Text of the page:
Gondola? Tram? Mgm't Asks Council To OK Pursuing "Alternative Transportation Analysis" For System(s) Linking Downtown/South Shore Sites; Future Steps Would Require Local Funds Of Unknown Amount w/ Future Council Approval
(First on LBReport.com: Sept. 16, 2010) -- City management has agendized an item for the September 21 City Council meeting seeking approval to enter into agreements with a Pennsylvania firm that would guide City Hall in seeking grants from the Metropolitan Transportation Authority and Federal Transit Agency to fund an "alternative transportation analysis" that would identify ways to connect some southshore locations linking downtown/southshore sites using traditional bus and waterway routes as well as "non-traditional approaches" including "ground-based cable drawn trams and aerial gondola ropeway systems."
The process, which management indicates would require local funding at costs currently unknown and not estimated for two of three of its phases [in part because the transportaion system(s) aren't yet known] is agendized one week after the Council voted 8-0 (Lowenthal absent) to cut police and fire services for taxpayers.
The first phase (which management says has no fiscal impact) entails seeking MTA pre-application funds to pay for an application seeking FTA funds to produce the second phase: an "Alternative Transportation Analysis" that management anticipates "would include a local match component that has not yet been determined."
That would be followed by a third phase that would also include an undermined, unestimated local match component. City management says the second and third phases will both require future Council approval.
Management's memo, jointly signed by Public Works Director Mike Conway and Community Development Director Dennis Thys, says that before proceeding with the second phase, "staff would issue a Request for Qualifications to identify the most qualified firm that could guide the City through this and subsequent phases of the process and return to City Council with the selected consultant, the scope of work and the associated cost for the next phase. Upon completion of the second phase, it is envisioned that additional grant applications will be submitted to the [federal agency] in a third phase that "will also include a local match and require subsequent City Council approval."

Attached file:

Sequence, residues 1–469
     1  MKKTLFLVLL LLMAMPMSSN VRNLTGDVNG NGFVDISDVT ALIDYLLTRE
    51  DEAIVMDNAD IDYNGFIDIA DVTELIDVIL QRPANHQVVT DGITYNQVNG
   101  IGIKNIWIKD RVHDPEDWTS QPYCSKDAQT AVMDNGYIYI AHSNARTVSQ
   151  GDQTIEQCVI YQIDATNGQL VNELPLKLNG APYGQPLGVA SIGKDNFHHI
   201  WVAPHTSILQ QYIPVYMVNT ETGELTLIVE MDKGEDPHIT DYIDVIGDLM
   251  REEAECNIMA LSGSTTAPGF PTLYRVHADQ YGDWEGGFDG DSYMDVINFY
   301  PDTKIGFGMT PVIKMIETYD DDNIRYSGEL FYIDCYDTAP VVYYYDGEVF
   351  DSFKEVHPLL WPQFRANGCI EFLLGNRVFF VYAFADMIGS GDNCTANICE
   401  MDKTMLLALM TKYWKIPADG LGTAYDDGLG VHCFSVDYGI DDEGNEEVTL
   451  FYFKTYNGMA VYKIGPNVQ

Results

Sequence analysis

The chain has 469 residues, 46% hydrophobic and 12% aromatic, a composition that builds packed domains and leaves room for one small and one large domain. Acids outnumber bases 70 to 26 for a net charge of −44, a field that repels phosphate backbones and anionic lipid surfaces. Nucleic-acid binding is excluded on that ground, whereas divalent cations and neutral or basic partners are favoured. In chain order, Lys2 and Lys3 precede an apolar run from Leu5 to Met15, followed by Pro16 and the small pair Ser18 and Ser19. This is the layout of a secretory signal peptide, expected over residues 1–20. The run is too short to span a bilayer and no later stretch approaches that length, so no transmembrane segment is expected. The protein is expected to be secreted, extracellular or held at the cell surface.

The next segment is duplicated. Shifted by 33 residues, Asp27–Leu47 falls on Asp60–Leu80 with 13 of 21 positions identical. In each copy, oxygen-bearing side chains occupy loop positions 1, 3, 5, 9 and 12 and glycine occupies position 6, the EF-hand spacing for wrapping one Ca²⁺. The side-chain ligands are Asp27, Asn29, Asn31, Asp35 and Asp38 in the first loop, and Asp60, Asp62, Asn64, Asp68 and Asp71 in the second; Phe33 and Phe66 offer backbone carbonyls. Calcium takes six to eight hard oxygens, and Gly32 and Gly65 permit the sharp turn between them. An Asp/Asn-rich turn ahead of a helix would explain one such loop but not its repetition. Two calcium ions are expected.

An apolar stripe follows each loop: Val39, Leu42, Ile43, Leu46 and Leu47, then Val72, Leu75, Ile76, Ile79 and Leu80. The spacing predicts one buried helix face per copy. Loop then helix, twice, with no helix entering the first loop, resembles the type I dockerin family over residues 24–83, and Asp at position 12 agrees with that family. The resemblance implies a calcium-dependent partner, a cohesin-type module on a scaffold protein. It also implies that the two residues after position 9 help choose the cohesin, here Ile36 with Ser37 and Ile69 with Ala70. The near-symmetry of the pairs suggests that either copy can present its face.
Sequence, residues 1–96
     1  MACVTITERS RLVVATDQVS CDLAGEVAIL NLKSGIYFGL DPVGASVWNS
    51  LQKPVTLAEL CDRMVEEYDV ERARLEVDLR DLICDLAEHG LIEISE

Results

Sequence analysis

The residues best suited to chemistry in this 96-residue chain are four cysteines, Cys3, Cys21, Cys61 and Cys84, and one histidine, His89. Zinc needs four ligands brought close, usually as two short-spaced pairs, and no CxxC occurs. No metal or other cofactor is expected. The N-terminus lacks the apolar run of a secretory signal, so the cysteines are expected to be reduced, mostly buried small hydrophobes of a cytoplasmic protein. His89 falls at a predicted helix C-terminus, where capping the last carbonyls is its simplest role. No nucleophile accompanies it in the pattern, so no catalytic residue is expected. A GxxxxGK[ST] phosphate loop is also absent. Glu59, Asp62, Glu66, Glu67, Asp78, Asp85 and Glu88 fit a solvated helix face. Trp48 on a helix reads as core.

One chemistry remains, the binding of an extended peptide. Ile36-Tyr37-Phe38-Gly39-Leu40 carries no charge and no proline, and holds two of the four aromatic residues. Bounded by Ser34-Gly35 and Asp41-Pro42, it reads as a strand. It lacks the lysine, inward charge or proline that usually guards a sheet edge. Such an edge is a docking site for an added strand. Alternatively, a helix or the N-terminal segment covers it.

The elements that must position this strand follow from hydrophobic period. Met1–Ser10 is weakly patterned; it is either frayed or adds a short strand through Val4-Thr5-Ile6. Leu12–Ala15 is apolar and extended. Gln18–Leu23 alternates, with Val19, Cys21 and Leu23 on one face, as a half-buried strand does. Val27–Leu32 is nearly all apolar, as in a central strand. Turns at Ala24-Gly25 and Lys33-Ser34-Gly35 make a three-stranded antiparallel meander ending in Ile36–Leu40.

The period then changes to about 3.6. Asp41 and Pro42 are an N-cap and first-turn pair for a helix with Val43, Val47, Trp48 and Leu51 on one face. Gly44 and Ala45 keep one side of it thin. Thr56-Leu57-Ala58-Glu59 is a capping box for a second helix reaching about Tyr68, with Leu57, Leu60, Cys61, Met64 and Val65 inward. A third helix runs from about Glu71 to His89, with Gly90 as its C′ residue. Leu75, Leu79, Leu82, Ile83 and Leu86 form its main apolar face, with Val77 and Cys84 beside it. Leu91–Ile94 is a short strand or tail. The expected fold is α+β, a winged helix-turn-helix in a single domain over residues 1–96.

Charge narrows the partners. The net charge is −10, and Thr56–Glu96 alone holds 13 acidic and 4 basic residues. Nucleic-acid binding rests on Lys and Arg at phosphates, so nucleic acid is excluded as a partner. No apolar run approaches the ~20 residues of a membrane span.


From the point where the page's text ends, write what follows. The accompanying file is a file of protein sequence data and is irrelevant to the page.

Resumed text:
The memo says the transportation system (whatever it turns out to be) would provide "connectivity between critical commercial and retail nodes" that include the the "Pine Avenue retail and entertainment district, the Promenade, the Long Beach Convention and Entertainment Center, Shoreline Village, The Pike at Rainbow Harbor, the Aquarium of the Pacific, and the Queensway Bay area including the Marriott and Maya Hotels."
As previously reported by LBReport.com, on August 4, 2010, the Tidelands and Harbor Committee (chair: Lowenthal; Vice chair: DeLong; member: Garcia) heard an unsolicited proposal from PA-based Urban Innovations and approved forwarding it to the City Council after allowing city staff to work with the private firm to provide more specifics.
Urban Innovations did work for the now-defunct "Save the Queen" (which had acquired the interests of bankrupted Queen Mary operator QSDI; a successor-in-interest now has the QM area leasehold/interests of Save the Queen). In Committee colloquy, it was indicated that UI had secured roughly $4 million from the Federal Transportation Administration but was unable to pursue it when "Save the Queen" failed financially. (STQ's leasehold interests at the QM site are now owned by another firm.)